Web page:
The Metropolitan Opera stages the first opera by a black composer
In 138 years of history, the Metropolitan Opera has never staged an opera of a black composer – until now. After 18 months of pandemic-related cancellations, the Met opened its 2021 season in September with a performance by Terence Blanchard Fire shut up in my bones. A second opera by a black composer – that of Anthony Davis X: The Life and Times of Malcolm X – is expected to be shown at the Met in 2023.
Fire shut up in my bones, which has an all-black cast, is based on the memoir of New York Times journalist Charles M Blow. The story follows Blow’s education in isolated and poverty-stricken Louisiana in the 1970s, enduring sexual abuse to become a successful columnist and writer.
This might just be his second opera, but Blanchard is no stranger to composition, having already been nominated for two Oscars for his scores for Spike Lee films. BlackKkKlansman and Da 5 Bloods. In addition to composing, Blanchard is a Grammy-winning jazz trumpeter. There are jazz references everywhere Fire shut up in my bones, with Blanchard describes the work as “jazz opera”.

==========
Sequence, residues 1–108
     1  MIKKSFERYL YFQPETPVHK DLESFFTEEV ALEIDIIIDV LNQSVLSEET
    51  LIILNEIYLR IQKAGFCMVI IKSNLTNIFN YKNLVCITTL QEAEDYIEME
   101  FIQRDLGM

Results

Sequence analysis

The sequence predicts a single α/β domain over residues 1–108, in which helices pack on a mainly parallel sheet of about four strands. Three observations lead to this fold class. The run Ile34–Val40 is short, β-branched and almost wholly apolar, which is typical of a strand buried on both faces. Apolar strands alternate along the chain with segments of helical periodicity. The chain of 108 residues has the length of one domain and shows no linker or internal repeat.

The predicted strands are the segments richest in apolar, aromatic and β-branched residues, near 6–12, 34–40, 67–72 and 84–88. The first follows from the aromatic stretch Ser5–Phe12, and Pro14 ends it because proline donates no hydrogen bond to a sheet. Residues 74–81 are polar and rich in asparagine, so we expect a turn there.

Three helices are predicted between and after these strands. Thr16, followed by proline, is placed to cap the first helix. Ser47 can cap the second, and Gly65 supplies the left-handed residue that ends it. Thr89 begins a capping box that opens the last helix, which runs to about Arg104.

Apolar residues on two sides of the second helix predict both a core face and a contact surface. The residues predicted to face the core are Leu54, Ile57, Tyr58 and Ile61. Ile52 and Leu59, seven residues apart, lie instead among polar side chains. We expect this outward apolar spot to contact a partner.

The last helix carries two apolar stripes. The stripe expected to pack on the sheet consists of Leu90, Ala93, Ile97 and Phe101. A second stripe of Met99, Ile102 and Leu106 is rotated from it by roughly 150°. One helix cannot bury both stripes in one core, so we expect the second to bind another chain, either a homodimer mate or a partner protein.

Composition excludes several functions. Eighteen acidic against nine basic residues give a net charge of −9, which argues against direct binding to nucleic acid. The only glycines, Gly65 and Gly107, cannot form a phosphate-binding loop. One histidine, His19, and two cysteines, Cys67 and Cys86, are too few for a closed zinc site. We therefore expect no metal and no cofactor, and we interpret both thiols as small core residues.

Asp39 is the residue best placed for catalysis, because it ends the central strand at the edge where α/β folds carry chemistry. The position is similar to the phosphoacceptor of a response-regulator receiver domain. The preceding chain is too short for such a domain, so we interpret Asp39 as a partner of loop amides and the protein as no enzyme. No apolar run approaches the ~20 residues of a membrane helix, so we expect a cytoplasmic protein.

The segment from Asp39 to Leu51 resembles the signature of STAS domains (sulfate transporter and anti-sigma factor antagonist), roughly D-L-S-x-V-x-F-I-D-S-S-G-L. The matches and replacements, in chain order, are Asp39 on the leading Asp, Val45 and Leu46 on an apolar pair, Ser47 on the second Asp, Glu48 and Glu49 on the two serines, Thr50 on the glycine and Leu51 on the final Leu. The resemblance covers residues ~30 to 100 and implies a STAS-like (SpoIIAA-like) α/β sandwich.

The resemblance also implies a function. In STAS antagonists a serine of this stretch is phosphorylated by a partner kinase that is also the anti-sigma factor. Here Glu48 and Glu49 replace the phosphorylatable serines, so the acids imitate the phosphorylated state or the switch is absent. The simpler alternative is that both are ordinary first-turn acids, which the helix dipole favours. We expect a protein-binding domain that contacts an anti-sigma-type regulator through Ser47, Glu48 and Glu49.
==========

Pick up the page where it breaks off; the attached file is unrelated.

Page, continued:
Met Music Director Yannick Nézet-Séguin has conducted the house orchestra and main soloists – including baritone Will Liverman and soprano Angel Blue – in the production, which is expected to run until the end of October. A jazz quartet is integrated into the orchestra. Joining the singers on stage will be 16 dancers, choreographed by Camille A Brown, who co-directs the production with James Robinson, with whom she also created Gershwin’s recent and highly successful Met staging. Porgy and Bess.
British audiences will be able to watch this historic Met performance in theaters via the HD Live from the Metropolitan Opera program from October 23.
Terence Blanchard’s Fire Shut Up In My Bones will be staged at the Metropolitan Opera until October 23, 2021.